You may be thinking, “Well it would have been great if the last three pastors would have built such a culture, but here I am in the midst of conflict and, believe me, it’s not the healthy kind!”

Sadly, this is a common experience. As beautiful as they are, there is something about our faith communities that also unleashes the worst of human behaviors.  

There is no sugar coating this. It is a difficult situation but it is also an opportunity. If you’ve been in toxic conflict or even just observed it play out among others, you may have noticed that the conflict is almost never about what the people in conflict are saying it is about. Even the emotions around the conflict can be deceiving. Many of us, especially men, might observe that anger is often not a core emotion. Underneath anger there is often something deeper like fear or disappointment or hurt. Our job in addressing toxic conflict is to find and speak to the core emotion or experience underneath the presenting one. In my simple story above, I realized there wasn’t a single person who cared about that planter, but there were people who were afraid that the woman who had donated it would be hurt. She didn’t care about it either, but she was sad that no one took the time to listen to the story of her life with her husband.  

In addressing toxic conflict, we have to reverse how these emotions have gotten all mixed and tied together, until the real issue is so clouded over that even the people who are upset don’t know what they’re upset about anymore. Here’s a place to start. Ask some questions, maybe even one-on-one away from the conflicted situation. Also, be ready to listen, really listen. Don’t make yourself part of the conflict.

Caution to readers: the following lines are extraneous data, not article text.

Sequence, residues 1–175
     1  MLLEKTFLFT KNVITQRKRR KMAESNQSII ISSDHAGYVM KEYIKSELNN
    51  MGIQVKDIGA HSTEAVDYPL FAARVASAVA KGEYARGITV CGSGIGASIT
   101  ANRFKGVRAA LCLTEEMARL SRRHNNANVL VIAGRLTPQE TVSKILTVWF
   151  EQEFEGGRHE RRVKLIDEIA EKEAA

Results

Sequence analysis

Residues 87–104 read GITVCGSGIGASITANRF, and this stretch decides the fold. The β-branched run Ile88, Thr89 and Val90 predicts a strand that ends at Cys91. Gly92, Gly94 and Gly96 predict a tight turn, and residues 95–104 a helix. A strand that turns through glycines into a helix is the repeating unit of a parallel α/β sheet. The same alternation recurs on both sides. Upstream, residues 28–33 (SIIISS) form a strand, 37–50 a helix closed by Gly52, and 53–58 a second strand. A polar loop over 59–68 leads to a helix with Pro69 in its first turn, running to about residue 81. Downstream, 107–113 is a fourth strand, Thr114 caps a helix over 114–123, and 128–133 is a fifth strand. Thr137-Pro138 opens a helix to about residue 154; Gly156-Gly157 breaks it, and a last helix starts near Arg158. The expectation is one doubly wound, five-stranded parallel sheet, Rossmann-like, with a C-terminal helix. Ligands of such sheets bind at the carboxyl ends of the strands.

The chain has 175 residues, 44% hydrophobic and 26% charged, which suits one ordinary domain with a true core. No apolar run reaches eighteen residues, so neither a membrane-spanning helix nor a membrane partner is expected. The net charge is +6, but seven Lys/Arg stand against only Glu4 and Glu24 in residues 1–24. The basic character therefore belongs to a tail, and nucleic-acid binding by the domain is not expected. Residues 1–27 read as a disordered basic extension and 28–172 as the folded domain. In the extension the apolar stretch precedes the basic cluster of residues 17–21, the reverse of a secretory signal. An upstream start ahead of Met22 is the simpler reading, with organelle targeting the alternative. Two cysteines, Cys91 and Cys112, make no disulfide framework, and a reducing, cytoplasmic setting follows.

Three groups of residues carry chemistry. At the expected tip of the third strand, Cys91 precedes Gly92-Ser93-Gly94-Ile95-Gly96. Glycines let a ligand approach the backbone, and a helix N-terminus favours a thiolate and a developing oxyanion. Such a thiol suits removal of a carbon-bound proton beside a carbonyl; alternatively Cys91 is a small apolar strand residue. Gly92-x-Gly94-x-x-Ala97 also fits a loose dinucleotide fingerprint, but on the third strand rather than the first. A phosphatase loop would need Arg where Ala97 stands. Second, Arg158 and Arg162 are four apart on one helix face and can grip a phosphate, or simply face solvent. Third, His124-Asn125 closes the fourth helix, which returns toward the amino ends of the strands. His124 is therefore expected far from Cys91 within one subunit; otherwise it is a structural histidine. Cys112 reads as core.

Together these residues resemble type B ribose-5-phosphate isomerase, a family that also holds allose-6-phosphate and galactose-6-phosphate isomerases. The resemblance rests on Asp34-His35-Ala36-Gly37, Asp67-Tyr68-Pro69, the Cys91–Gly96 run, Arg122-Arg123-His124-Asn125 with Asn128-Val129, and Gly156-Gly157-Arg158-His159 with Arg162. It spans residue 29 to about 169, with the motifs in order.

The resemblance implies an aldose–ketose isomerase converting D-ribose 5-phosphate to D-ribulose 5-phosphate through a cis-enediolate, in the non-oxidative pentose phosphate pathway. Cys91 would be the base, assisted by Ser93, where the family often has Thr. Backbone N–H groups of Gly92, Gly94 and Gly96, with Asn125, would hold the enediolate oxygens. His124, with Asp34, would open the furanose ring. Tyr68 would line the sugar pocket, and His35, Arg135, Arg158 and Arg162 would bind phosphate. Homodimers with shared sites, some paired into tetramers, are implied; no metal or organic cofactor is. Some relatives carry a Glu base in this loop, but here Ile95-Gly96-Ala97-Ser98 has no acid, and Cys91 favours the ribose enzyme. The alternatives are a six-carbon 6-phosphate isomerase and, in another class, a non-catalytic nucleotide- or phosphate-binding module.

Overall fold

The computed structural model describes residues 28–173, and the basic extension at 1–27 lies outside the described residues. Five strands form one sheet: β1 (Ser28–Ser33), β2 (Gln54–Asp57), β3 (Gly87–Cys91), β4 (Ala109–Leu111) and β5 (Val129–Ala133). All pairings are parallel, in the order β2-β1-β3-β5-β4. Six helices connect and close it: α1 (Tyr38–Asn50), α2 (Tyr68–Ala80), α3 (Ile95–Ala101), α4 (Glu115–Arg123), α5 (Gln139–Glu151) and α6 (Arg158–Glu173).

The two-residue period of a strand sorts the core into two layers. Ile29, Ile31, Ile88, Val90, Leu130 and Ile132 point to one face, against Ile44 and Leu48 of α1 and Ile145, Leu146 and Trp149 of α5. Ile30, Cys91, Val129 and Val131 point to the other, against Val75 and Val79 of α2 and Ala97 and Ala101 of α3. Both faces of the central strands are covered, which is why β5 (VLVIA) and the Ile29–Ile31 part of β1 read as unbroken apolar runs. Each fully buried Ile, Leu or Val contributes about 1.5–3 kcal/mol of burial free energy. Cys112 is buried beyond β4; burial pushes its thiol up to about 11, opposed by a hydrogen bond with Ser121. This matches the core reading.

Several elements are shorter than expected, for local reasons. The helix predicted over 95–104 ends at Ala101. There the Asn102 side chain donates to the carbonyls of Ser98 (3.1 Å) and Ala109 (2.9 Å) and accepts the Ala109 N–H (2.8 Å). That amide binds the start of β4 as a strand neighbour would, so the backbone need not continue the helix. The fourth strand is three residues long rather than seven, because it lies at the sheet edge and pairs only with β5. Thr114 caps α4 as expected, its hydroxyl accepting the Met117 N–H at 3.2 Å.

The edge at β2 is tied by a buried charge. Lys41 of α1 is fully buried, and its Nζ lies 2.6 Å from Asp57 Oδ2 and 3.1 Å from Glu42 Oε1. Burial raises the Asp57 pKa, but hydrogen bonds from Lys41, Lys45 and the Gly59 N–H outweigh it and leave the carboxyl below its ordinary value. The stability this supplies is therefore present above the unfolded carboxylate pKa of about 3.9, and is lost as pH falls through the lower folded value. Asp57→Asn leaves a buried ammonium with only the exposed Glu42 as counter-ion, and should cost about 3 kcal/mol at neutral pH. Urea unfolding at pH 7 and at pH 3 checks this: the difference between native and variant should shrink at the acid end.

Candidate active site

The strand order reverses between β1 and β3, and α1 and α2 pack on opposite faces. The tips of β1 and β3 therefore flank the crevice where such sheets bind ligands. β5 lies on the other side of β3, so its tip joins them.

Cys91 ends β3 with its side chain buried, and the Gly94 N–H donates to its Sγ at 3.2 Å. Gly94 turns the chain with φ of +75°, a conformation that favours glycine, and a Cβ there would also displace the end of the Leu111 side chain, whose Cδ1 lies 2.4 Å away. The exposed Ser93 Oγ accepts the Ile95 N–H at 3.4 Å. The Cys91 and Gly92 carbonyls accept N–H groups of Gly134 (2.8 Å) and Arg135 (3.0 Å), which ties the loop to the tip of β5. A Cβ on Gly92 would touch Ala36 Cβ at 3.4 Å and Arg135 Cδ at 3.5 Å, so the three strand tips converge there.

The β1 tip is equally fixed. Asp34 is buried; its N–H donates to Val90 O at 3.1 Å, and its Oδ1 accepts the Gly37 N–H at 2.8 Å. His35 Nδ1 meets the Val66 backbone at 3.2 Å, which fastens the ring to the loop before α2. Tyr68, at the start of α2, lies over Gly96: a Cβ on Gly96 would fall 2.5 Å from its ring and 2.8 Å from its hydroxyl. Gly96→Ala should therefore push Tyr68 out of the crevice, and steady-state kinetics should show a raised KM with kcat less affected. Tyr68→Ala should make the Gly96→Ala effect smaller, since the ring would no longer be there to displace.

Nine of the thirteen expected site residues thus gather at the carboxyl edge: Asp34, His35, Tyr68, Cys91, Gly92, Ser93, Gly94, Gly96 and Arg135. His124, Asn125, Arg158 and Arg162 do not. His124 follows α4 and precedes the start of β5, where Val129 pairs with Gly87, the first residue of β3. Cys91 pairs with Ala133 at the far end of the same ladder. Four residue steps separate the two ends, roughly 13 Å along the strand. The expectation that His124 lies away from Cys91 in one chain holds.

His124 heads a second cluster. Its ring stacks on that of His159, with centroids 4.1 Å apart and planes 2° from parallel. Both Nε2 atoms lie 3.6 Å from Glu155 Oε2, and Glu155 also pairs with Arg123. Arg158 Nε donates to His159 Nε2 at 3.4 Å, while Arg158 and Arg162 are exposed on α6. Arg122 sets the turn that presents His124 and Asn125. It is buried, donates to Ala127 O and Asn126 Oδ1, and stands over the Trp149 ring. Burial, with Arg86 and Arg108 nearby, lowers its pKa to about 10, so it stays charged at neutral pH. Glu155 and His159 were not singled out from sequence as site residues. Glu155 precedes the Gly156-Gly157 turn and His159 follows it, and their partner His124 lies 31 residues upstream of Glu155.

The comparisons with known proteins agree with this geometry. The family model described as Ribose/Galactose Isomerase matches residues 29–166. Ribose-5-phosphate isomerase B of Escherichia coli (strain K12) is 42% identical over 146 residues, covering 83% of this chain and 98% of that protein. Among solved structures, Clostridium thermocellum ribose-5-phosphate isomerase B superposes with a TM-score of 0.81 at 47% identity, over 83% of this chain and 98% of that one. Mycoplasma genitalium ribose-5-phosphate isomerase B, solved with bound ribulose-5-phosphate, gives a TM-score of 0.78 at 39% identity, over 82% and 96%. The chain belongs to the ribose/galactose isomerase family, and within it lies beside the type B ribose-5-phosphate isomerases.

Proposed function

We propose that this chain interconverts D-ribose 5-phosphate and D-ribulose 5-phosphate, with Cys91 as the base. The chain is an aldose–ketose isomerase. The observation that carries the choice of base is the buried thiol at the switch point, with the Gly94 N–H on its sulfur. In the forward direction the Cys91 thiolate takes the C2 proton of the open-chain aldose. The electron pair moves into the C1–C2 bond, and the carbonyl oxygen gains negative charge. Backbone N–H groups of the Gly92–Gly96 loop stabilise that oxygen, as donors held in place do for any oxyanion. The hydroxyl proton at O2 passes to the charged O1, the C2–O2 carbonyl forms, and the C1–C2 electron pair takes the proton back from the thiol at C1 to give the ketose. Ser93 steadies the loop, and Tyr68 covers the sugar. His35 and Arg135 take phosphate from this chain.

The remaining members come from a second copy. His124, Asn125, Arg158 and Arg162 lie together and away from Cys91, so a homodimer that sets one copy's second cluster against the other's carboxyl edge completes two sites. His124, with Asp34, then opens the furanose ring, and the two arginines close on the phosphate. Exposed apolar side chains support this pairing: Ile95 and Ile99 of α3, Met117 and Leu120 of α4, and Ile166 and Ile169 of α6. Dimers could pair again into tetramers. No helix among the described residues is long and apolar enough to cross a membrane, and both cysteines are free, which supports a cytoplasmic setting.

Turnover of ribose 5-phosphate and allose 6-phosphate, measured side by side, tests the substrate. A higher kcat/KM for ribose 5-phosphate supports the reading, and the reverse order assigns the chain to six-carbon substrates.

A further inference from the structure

Start here:

  1. Help me understand your frustration/anger/hurt/point of view better.
  2. What is the most important thing to you in this conflict?
  3. What makes that the most important thing to you?
  4. Are there other things that are making this feel particularly poignant for you?

There is no quick fix to any of this, but most of us respond very well when someone is willing to listen and ask questions that show they really do want to understand. You can lead a church without having the wisdom of Solomon if you have the willingness to ask questions and really listen. People’s hurts, fears and anxieties play out in church sometimes more than anywhere else. That could be an opportunity for us to be church for one another and not just something to dread. One more thing, find a partner or a coach whom you can process this with you when you feel really stuck. It will help you sort things out and even more importantly help you avoid becoming part of the toxicity. 

  • Grant Stevensen

    Grant has served as a pastor in the ELCA for 30 years. He has served congregations in rural WI, Taiwan, Papau New Guinea and St. Paul MN. Grant works now as an organizing and congregational consultant, training in leadership development and vision implementation, often in the areas of climate justice, healthcare and housing and conflict management.